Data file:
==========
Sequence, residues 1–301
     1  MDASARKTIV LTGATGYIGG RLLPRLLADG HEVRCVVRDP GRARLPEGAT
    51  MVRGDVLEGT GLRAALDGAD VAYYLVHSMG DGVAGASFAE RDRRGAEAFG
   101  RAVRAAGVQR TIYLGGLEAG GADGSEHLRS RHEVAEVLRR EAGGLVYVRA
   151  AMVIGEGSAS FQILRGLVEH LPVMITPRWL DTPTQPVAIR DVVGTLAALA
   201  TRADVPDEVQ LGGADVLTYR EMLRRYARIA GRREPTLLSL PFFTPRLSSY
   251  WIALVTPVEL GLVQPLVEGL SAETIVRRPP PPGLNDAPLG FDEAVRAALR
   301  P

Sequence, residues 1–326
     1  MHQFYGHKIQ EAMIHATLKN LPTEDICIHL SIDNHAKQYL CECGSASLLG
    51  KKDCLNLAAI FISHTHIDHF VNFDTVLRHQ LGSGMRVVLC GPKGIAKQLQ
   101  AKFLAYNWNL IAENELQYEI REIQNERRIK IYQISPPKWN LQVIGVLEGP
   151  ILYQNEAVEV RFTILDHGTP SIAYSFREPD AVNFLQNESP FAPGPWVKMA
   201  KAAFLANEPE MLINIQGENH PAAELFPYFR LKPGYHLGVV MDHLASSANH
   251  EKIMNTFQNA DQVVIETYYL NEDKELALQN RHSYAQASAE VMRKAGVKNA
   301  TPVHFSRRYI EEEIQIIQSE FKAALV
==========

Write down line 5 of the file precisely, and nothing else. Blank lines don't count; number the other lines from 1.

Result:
   151  AMVIGEGSAS FQILRGLVEH LPVMITPRWL DTPTQPVAIR DVVGTLAALA